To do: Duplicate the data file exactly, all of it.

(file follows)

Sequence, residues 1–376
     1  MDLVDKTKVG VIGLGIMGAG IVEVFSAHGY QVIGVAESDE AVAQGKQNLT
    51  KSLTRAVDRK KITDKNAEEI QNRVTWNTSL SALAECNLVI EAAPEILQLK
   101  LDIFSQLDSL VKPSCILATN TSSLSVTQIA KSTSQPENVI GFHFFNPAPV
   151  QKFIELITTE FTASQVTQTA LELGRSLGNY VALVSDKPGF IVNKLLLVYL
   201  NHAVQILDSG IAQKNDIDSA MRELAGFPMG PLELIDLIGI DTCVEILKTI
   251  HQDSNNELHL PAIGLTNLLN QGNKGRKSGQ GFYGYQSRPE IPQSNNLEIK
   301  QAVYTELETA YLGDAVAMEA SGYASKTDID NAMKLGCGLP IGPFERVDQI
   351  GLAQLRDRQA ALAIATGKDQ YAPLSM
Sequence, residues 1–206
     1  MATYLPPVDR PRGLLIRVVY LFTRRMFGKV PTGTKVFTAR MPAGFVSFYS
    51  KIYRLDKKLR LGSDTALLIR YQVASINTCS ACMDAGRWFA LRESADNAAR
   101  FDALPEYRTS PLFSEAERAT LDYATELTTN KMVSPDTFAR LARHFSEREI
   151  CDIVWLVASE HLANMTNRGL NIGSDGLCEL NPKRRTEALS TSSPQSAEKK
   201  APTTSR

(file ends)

Sequence, residues 1–376
     1  MDLVDKTKVG VIGLGIMGAG IVEVFSAHGY QVIGVAESDE AVAQGKQNLT
    51  KSLTRAVDRK KITDKNAEEI QNRVTWNTSL SALAECNLVI EAAPEILQLK
   101  LDIFSQLDSL VKPSCILATN TSSLSVTQIA KSTSQPENVI GFHFFNPAPV
   151  QKFIELITTE FTASQVTQTA LELGRSLGNY VALVSDKPGF IVNKLLLVYL
   201  NHAVQILDSG IAQKNDIDSA MRELAGFPMG PLELIDLIGI DTCVEILKTI
   251  HQDSNNELHL PAIGLTNLLN QGNKGRKSGQ GFYGYQSRPE IPQSNNLEIK
   301  QAVYTELETA YLGDAVAMEA SGYASKTDID NAMKLGCGLP IGPFERVDQI
   351  GLAQLRDRQA ALAIATGKDQ YAPLSM
Sequence, residues 1–206
     1  MATYLPPVDR PRGLLIRVVY LFTRRMFGKV PTGTKVFTAR MPAGFVSFYS
    51  KIYRLDKKLR LGSDTALLIR YQVASINTCS ACMDAGRWFA LRESADNAAR
   101  FDALPEYRTS PLFSEAERAT LDYATELTTN KMVSPDTFAR LARHFSEREI
   151  CDIVWLVASE HLANMTNRGL NIGSDGLCEL NPKRRTEALS TSSPQSAEKK
   201  APTTSR